One of the easiest ways to understand something is to have someone explain it to you from your point of view. That’s why I think the text “Life on the receiving end” by Matthew Tree is so good. It is based on a speech he gave on November 2008 at the London School of Economics.
Matthew Tree is an english writer who has lived in Catalonia for 25 years and speaks and writes in English and Catalan and he explains the Catalan situation in such a way that it is very easy for anyone to understand why Catalans desire indepedence.
I include two excerpts of his speech:
“Put bluntly, the Catalans are tiring of a tiring situation that has gone on for far, far too long. Of the six million odd citizens who have the vote, over two million now want outright independence, with a further two million remaining undecided. Even us foreigners, voteless though we are, have been canvassed. A majority of Latin Americans, it turns out, would prefer to stay in Spain, whereas the Eastern Europeans, for example, are largely in favour of secession. As is at least one long-term English
resident. Especially since less than 40% of the Spanish population would favour an armed intervention should Catalonia and the Basque Country raise their hands to wave goodbye. ”
“I never realised just how much this was the case, until something similar happened to me. Here we have the Catalan original of a novel published in 2001, ‘Privilegiat’. The biographical blurb is standard: Taught himself Catalan in 1979, published this, that and the other (Catalan titles given), contributed stories to these anthologies, bla bla bla, contributes to this and that newspaper and this and that radio station (their names given, identifying them as Catalan language media). OK.
This is the Castilian version: born in London, writer, contributor to newspapers and radios. He has lived in Barcelona since 1984. Not a single mention of the fact that I had at the time published three books in Catalan, contributed stories to five others, and worked for the Catalan media. Nothing. No mention of the dreaded C-word.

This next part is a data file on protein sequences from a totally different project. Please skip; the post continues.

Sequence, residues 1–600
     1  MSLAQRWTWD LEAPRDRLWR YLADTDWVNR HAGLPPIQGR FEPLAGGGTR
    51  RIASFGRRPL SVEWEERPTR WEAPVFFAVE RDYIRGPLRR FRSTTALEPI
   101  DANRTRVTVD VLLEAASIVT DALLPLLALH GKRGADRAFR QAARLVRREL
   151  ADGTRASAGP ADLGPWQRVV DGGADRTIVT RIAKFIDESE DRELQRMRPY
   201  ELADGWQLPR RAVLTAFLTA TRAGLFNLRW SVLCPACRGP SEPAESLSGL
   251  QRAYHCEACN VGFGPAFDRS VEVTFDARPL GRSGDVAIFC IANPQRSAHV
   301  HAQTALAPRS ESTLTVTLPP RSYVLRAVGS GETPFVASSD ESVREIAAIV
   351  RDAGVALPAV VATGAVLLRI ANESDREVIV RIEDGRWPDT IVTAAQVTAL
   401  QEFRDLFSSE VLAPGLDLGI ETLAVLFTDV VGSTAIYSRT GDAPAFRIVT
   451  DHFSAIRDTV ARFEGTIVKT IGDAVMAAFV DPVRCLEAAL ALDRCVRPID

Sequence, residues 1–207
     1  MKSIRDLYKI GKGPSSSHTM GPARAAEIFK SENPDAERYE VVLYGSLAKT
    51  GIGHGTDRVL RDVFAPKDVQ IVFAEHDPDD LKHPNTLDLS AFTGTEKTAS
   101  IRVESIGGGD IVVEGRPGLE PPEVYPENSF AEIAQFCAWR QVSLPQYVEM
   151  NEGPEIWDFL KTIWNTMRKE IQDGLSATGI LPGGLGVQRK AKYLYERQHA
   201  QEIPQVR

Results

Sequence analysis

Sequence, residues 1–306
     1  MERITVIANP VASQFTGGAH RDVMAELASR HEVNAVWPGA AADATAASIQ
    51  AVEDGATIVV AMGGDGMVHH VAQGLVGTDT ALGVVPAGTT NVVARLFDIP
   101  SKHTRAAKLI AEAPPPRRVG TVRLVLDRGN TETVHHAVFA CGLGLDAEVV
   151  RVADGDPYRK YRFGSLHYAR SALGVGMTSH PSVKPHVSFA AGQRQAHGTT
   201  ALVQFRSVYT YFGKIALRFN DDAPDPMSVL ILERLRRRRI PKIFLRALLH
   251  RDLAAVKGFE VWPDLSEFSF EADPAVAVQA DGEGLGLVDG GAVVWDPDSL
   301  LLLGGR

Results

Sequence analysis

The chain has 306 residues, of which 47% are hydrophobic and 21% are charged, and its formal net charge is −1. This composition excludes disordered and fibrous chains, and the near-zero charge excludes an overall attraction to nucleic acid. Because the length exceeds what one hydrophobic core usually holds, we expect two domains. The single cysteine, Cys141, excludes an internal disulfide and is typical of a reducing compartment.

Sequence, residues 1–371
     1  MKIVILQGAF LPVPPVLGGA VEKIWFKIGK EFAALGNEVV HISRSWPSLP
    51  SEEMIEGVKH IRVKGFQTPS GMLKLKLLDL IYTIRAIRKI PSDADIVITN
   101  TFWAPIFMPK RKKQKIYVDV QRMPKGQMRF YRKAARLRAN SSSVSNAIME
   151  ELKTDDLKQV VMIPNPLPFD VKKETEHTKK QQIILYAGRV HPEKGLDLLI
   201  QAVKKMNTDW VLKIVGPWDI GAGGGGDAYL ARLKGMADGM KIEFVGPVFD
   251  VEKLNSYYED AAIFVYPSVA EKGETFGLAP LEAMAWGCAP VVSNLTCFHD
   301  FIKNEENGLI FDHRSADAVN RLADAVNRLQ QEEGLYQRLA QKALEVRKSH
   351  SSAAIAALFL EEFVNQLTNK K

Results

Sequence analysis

And that is precisely where the problem lies at heart. Just to live in and form no matter how modest a part of the Catalan cultural universe, is in itself seen as indifferent or undesirable or politically incorrect or downright distasteful or even bloody horrible in monolingual Spain. Yet at the same time, in Catalonia we are bombarded with reminders, some of them laced with slights, that we form part of Spain and should therefore behave in a more Spanish way than we do.
I put it to you that this is an untenable situation, which sooner or later will have the kind of consequences that will make headlines around the world – at least for a day – given that they will involve a new place being laid at the table of the United Nations. What I’m sure everybody wants – and I include the vast majority of the inhabitants of monolingual Spain – is that in the photographs accompanying the banner print, there will be no violent scenes, no rumbling tanks, no cadavers on the streets of Barcelona.
Your turn. ”
Read the full article here
6 thoughts on “Why Catalans want Independence, explained by an English writer”
Nice reading! thanks from a catalan, 100% agree.
Last popular referendums showed a voter turnout lower thant 15%. I soem big cities was below the 10%.
SO, yeap catalans want the independence, but we are too shy to vote for it.
Ironic tone: off
Thanks Jacbob. Considering that Mr Hereu, Barcelona Mayor, only managed to get 12% of citizens of Barcelona vote in his referendum a couple of months ago after spending 3 million euros I think nobody has the right to question the turnout.
More than half a million people have voted. The yes got 90% of the votes. The turnout is very good considering the media void, absolute lack of budget, that it was all volunteer work (more than 70000 volunteers, not bad) and basically that this was not official meaning no direct political consequences the next day.